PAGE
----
Tracery (1909–1924) was an American-bred, British-trained Thoroughbred racehorse and sire, best known for winning the St. Leger Stakes in 1912. In a career which lasted from June 1912 until October 1913 he ran nine times and won six races. After finishing third on his debut in the 1912 Epsom Derby Tracery never lost another completed race at level weights. He won the St. James's Palace Stakes, Sussex Stakes and St. Leger Stakes in 1912 and the Eclipse Stakes and Champion Stakes as a four-year-old in 1913. He was brought down by a protester in the 1913 Ascot Gold Cup. After his retirement from racing he became a highly successful breeding stallion in Britain and Argentina.
|Breeder||August Belmont Jr.|
|Owner||August Belmont Jr.|
|St. James's Palace Stakes (1912)|
Sussex Stakes (1912)
St. Leger Stakes (1912)
Eclipse Stakes (1913)
Champion Stakes (1913)
Tracery was a brown horse bred in Kentucky by his owner August Belmont Jr.. He was sired by the British Triple Crown winner Rock Sand, who had been sent to America in 1906 and proved successful as a breeding stallion. Tracery's dam Topiary was not a great success as a racehorse but was a daughter of the French mare Plaisanterie, whose wins included the "Autumn double" (Cesarewitch Handicap, Cambridgeshire Handicap) in 1885.
Horse racing in New York State was suspended following the Hart–Agnew Law in 1908, leading many owners to relocate their horses. Belmont sent his colt to race in England, where he was trained by John Watson, the private trainer of the Rothschild family, at his Palace House stable in Newmarket, Suffolk.
1912: three-year-old seasonEdit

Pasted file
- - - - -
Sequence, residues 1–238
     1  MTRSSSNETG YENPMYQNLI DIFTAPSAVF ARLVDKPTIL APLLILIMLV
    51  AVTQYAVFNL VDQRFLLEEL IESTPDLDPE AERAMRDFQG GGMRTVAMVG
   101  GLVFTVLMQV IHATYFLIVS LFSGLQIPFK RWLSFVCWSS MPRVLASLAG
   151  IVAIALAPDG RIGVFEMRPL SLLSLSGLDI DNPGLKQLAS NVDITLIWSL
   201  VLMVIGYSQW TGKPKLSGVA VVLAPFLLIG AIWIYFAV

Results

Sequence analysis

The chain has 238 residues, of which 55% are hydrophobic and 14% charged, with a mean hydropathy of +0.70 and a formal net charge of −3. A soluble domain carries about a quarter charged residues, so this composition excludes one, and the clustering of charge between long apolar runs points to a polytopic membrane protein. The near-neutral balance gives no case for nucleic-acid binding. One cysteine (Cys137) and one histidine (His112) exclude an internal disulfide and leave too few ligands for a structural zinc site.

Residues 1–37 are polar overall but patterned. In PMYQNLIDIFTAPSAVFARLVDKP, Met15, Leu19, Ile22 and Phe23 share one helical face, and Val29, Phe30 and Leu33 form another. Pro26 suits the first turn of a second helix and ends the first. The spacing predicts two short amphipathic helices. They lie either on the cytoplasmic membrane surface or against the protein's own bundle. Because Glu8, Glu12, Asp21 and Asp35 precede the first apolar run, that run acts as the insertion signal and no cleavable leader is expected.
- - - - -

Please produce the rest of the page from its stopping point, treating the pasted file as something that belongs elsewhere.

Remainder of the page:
Tracery made his racecourse debut in The Derby on 5 June 1912. Tracery started a 66/1 outsider and finished strongly to take third place, six lengths behind the winner Tagalie. His performance disappointed the crowd as he deprived the King's colt Pintadeau of third by a short head. Later that summer, Tracery showed improvement to win the St. James's Palace Stakes at Royal Ascot in which he defeated the 2000 Guineas winner Sweeper. In the Sussex Stakes at Goodwood in July he again defeated Sweeper and became a leading fancy for the St Leger, with Lomond being regarded as his principal rival.
On 11 September at Doncaster Racecourse, Lomond started 6/4 favourite for the St Leger, with Tracery and Tagalie equal second in the betting at odds of 8/1. The American jockey Danny Maher had been expected to partner the horse but when he was obliged by his contract to take the mount on the outsider Charmian, the French-based George Bellhouse took over the ride. Bellhouse sent Tracery into the lead from the start and was never seriously challenged. In the straight he drew away from his rivals and won easily by five lengths from Maiden Erlegh. Tagalie and Lomomd finished sixth and seventh. The win was the first by an American-bred horse in the St Leger and was well received by the Doncaster crowd.
1913: four-year-old seasonEdit